Friday, August 18, 2023, Volvo Construction Equipment (CE) North America welcomed dignitaries, the media and other VIPs to the headquarters in Shippensburg, Pennsylvania, for a presentation in its manufacturing facility. The attendees also took part in a ribbon-cutting ceremony for the new training center. I was thrilled to be able to attend, and I also had the opportunity to talk with Dr. Ray Gallant, vice president — sustainability and productivity solutions, North America, Volvo CE, and ride and drive an A45FS articulated haul truck.
Volvo CE Marks Production of Electric Equipment in North America
The DD25 Electric compactor marks the next step in the company’s sustainability journey. Volvo CE has a large lineup of commercially available electric construction equipment, and its battery-electric machines started arriving on North American jobsites more than a year ago.
Now, Volvo CE has brought electric machine production to the U.S., starting with the company’s newest offering, the DD25 Electric compactor. The first models are expected to deliver later this year. The company aims to have 35% of its product line electric by 2030.
“The equipment manufactured in Pennsylvania’s 13th District is used in projects around the world,” U.S. Representative John Joyce said. “With the opening of its new assembly line to produce electric asphalt compactors here in Shippensburg, Volvo Construction Equipment is helping to carry on that legacy. The family-sustaining jobs this expansion creates in Franklin and Cumberland Counties are a welcome addition for those looking to live, work and raise a family here in our district.”
The DD25 Electric will be manufactured on the same assembly line as Volvo diesel asphalt and soil compactors. This allows the site to expand production capacity without increasing its footprint or incurring significant costs to retool the factory. Volvo is investing heavily in training for its employees, providing over 800 total hours of instruction on electric equipment production concepts and processes.
“We have a talented workforce and the perfect space at this location to set ourselves up for ongoing development and production of industry-changing machines,” said Gustavo Casagrandi, head of operations at the Shippensburg plant. “Some of the world’s best engineers and production team members are right here, building the future of construction.”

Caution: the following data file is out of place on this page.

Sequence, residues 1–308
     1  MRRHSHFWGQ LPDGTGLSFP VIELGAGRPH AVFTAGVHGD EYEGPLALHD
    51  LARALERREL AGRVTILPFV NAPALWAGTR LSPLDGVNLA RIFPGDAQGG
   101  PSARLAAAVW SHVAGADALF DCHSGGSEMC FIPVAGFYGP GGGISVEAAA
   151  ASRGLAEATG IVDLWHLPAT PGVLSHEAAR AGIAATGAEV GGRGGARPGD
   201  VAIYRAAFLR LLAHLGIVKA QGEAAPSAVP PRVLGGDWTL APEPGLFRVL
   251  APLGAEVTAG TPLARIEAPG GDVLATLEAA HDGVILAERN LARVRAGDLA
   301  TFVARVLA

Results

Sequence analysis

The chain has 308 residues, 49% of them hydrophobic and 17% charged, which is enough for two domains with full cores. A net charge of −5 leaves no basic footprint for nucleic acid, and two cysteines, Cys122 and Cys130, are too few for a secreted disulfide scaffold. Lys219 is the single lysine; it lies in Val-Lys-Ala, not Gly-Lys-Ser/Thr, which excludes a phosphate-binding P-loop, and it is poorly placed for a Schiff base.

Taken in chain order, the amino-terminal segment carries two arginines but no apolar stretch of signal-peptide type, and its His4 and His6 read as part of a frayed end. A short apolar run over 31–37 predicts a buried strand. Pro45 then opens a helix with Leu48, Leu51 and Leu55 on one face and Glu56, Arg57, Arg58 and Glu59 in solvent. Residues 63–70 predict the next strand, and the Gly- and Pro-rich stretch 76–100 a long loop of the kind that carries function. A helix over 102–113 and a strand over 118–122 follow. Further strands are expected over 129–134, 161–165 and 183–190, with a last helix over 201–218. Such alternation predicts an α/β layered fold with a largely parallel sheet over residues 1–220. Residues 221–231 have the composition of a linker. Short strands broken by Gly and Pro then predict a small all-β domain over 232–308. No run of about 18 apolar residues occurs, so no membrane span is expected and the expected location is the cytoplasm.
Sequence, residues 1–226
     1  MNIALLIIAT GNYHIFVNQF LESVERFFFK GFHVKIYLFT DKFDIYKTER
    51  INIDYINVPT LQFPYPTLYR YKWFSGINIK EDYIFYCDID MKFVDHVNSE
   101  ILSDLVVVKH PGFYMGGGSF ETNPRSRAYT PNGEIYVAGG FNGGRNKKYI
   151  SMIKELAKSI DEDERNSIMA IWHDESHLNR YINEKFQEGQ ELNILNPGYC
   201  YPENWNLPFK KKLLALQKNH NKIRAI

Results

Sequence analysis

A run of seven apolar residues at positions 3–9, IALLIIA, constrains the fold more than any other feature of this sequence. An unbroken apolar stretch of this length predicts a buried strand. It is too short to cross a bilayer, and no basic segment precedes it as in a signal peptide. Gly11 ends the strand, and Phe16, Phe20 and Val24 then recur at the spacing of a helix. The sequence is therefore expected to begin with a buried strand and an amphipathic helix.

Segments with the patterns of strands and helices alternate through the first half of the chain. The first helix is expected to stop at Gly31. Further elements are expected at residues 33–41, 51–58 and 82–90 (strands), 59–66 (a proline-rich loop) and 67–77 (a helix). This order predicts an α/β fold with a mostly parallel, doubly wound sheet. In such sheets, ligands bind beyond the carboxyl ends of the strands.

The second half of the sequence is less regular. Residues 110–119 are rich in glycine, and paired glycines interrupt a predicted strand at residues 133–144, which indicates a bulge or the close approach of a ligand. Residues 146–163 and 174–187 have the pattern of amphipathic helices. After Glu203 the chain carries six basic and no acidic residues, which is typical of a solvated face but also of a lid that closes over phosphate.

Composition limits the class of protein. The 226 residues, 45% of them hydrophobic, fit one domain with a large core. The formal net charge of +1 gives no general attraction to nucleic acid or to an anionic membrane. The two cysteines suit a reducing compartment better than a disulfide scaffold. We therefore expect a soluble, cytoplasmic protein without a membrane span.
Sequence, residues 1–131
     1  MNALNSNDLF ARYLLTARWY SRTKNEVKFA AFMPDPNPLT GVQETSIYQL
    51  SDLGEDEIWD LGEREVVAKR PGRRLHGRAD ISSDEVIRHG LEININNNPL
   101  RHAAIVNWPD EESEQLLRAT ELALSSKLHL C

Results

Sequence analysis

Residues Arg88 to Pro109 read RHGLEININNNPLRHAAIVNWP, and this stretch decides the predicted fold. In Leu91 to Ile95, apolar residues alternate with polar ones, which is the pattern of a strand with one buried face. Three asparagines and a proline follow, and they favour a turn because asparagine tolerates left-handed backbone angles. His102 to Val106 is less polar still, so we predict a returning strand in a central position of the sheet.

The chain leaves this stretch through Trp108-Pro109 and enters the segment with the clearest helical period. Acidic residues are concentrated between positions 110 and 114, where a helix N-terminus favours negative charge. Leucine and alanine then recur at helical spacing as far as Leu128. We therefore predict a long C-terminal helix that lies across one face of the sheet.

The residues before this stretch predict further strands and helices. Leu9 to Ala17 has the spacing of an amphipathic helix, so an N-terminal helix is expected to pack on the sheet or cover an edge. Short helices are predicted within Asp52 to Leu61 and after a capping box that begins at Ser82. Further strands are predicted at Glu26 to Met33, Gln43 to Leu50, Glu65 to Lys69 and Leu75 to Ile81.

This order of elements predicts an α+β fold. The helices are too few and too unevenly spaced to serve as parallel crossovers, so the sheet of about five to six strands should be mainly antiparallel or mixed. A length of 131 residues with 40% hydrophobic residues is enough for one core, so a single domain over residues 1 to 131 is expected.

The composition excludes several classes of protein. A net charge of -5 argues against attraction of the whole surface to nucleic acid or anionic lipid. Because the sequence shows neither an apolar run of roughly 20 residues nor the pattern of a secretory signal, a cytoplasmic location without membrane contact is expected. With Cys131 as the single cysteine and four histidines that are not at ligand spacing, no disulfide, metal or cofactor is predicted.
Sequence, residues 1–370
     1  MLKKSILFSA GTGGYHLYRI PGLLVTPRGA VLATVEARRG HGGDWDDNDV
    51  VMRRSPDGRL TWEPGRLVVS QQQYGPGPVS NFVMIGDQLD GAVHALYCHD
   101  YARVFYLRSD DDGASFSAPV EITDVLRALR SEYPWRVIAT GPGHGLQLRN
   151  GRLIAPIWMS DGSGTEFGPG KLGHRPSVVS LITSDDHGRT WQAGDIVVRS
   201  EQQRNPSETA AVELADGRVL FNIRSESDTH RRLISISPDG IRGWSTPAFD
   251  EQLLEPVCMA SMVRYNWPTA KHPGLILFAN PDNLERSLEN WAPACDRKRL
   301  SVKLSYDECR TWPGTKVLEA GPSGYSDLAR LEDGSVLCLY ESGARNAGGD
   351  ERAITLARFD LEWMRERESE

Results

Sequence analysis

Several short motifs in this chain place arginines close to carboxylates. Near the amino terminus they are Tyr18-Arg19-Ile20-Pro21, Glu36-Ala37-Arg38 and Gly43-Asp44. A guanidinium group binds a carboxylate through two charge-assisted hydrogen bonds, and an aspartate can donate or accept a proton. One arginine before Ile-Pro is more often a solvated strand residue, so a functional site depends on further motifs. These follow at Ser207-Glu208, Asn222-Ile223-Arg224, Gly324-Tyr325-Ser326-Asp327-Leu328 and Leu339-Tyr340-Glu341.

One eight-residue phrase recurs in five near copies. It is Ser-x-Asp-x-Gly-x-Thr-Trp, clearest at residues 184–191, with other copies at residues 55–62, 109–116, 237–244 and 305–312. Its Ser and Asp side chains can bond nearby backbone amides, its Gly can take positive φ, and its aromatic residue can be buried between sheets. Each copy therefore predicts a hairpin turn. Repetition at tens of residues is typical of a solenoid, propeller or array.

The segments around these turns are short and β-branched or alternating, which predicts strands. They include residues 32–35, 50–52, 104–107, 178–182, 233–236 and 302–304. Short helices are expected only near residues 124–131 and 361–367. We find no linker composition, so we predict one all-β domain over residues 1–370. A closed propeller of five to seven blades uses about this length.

Volvo CE is also expected to receive a $1.1 million grant to conduct a pilot project of its new DD25 Electric asphalt compactor in California. The company will put another $758,000 toward the project, bringing the total to nearly $1.9 million.
The U.S. Environmental Protection Agency (EPA) grant, funded under the Targeted Airshed Grant Program, will be administered by the South Coast Air Quality Management District (AQMD), an agency responsible for improving air quality in an area around Los Angeles that’s home to 17 million people. Volvo CE received a similar grant in 2020 for battery-electric compact wheel loaders and excavators, and those zero-emission machines are now being used on jobsites throughout the U.S. and around the world.
The South Coast AQMD board approved the project earlier this summer, and details are being finalized.
“We’re excited to partner with South Coast AQMD and the EPA again, and we thank them for their support,” said Dr. Ray Gallant, vice president — sustainability and productivity solutions, North America, Volvo CE. “Off-road equipment is a significant source of pollution, and Volvo CE is committed to reducing the environmental impact of our products and our customers’ jobsites. Being an industry leader in developing sustainably powered machines is a big part of that, and so is partnering with organizations to bring about positive change.”
An earlier pilot project in California showed that Volvo CE electric construction equipment could both reduce emissions and meet the performance needs of contractors and government fleets in multiple applications. Now, the company’s battery-electric wheel loaders and excavators have been commercially available in North America for more than a year, with customers confirming their performance and reduced emissions, noise and maintenance.